Discussion Paper

No. 2011-31 | August 10, 2011
Debt Deleveraging and Business Cycles. An Agent-Based Perspective

Abstract

The recent financial crises pointed out the central role of public and private debt in modern economies. However, even if debt is a recurring topic in discussions about the current economic situation, economic modelling does not take into account debt as one of the crucial determinants of economic dynamics. Our contribution, in this paper, is to investigate the issues of borrowing and debt load by means of computational experiments, performed in the environment of the agent-based Eurace simulator. We aim to shed some light on the relation between debt and the main economic indicators. Our results clearly confirm that the amount of credit money in the economy is a very important variable, that can affect economic performance in a twofold way: fostering growth or pushing the economy into recession or crisis. The outcomes of our experiments show a rich scenario of interactions between real and financial variables in the economy, and therefore represents a truly innovative tool for the study of economics.

Paper submitted to the special issue
New Approaches in Quantitative Modeling of Financial Markets

Data Set

Data sets for articles published in "Economics" are available at Dataverse. Please have a look at our repository.

The data set for this article can be found at: http://hdl.handle.net/1902.1/16473

JEL Classification

E2 E3 E44 E51

Cite As

Marco Raberto, Andrea Teglio, and Silvano Cincotti (2011). Debt Deleveraging and Business Cycles. An Agent-Based Perspective. Economics Discussion Papers, No 2011-31, Kiel Institute for the World Economy. http://www.economics-ejournal.org/economics/discussionpapers/2011-31

Assessment



Comments and Questions


Livio Stracca - Still unclear what the value added of agent-based models is
September 09, 2011 - 09:31

I think this is an interesting paper and more generally agend-based models are a potential useful tool for macroeconomics. Having said that, it is important to understand what their value added is compared with standard, representative-agent DSGE models used in macroeconomics. For example, does heterogeneity matter in the agent-based model ...[more]

... of this paper? What would happen if agents are assumed to be homogeneous? How about the bounded rationality assumptions in the model?
Ideally, these models should nest representative-agent DSGE models as a special case. It would then be useful to see how and where they add a different perspective that may be useful to understand macro phenomena such as deleveraging and financial crises.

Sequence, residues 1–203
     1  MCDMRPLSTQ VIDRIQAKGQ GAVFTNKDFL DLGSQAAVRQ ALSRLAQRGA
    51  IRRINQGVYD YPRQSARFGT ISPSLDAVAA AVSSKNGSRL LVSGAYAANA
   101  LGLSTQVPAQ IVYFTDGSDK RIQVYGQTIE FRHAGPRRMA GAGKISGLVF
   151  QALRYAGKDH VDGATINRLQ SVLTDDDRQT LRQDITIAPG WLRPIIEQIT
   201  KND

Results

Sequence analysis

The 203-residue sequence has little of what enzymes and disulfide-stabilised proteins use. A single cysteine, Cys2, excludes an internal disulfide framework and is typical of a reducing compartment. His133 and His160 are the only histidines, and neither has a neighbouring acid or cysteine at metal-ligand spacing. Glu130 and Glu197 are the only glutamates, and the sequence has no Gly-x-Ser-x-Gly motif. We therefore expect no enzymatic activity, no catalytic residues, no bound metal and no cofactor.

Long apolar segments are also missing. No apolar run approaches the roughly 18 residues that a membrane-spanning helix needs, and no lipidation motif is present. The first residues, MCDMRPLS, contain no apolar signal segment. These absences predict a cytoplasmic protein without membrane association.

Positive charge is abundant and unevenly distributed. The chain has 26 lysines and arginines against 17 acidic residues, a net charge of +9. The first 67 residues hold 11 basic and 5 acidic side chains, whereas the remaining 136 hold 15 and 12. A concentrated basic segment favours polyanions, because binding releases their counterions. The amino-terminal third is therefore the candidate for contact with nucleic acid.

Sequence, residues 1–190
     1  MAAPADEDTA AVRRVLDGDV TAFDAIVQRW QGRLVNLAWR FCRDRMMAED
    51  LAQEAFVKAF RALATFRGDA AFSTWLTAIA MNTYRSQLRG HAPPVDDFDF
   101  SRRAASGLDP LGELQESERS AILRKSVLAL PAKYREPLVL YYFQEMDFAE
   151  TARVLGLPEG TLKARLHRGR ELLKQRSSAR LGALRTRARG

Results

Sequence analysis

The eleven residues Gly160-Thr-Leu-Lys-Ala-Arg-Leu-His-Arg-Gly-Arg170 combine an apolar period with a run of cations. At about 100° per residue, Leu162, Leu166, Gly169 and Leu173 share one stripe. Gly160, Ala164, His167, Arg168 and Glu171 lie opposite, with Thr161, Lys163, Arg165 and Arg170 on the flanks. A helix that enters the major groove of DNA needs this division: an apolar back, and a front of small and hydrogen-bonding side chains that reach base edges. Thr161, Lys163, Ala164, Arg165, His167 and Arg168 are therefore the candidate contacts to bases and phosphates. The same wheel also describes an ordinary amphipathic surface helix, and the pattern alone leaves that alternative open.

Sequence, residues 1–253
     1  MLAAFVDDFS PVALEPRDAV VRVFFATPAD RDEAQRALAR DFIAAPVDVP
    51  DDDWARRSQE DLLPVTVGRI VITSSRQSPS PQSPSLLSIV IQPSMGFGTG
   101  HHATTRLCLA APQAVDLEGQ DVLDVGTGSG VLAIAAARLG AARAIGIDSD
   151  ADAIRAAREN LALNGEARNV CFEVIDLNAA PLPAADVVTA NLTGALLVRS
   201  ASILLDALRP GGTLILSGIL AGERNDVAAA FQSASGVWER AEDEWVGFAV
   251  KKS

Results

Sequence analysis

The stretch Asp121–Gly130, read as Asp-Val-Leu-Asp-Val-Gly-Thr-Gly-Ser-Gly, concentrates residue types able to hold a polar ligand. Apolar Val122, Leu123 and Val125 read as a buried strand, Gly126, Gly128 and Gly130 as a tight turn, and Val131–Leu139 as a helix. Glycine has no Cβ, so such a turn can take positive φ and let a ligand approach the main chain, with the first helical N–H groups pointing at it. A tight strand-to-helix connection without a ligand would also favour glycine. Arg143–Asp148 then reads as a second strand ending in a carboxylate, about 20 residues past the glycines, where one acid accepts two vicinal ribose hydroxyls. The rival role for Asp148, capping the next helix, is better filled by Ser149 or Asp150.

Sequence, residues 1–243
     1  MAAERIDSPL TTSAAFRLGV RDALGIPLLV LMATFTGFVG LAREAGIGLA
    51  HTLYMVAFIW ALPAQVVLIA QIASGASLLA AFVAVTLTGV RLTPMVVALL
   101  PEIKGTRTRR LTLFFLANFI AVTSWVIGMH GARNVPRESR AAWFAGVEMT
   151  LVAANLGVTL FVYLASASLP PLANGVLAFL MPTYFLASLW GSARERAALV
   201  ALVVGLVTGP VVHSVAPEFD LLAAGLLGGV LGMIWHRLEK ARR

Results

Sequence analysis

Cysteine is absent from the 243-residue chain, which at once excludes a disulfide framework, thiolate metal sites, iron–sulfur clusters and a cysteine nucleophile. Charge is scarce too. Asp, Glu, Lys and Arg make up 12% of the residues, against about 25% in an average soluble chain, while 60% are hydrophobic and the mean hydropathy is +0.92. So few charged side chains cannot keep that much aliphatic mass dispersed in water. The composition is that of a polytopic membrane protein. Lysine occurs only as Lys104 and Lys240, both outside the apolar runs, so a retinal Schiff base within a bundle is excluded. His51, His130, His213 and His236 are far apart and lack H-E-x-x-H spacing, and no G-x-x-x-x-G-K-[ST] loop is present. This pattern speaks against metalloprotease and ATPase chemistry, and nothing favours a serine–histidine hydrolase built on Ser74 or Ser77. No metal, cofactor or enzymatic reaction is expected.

Anonymous - Invited Reader Comment
September 13, 2011 - 11:28

see attached file


Marco Raberto - Reply to Invited Reader Comment
April 23, 2012 - 09:00

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Anonymous - Referee Report 1
October 20, 2011 - 11:56

See attached file


Marco Raberto - Reply to Referee Report 1
April 23, 2012 - 09:06

see attached file


Neil Lancastle - Model Design
January 30, 2012 - 17:49

I was fortunate to get an introduction to this model at a PhD conference in Paris last year. We discussed then, some of the limits of a simulation and agent-based modelling, but I was fascinated (and still am) by the design of the agents and model. So my ...[more]

... comments relate to the way the paper describes the Eurace model.

I have a background in software engineering, so I am quite used to UML diagrams, data models, business rule definitions and the like. I am less sure about academic writing, but the absence of these details left me asking:

a) Can I see the source code, or run a paramaterized version of the model myself?
b) Why choose five sectors: production firms, households, private banks, government, central banks? I was expecting something based on the Godley and Lavoie (2007) model which includes actions around investment, debt-creation, reserve management, bank leverage, production, consumption, imports, exports... both households and governments are consumers, the central bank deals with reserve management, and so on. I am vexed by the question 'do households invest?' or is that action reserved for capitalists in the long-run?
c) There are real world data on the activities of these sectors for different economies. Climate modellers simulate from real data, why not economists?
d) For each actor and action, what are the business rules and where is the academic justification? For example, the idea that central banks follow a 'passive' inflation-targeting rule concerns me. What about Moore's (1979) ideas on endogenous money, where the exchange rate is also a significant explanatory variable?
e) Again, in the post-Keynesian tradition I would expect multiple models (or, at least, parameters) as a reflection of the real world... some economies have capital controls, tax regimes differ (especially around credit) and so on.

I hope these comments are helpful, and good luck with the paper!


Anonymous - Referee Report 2
March 05, 2012 - 09:03

see attached file


Marco Raberto - Reply to Referee Report 2
April 23, 2012 - 09:06

see attached file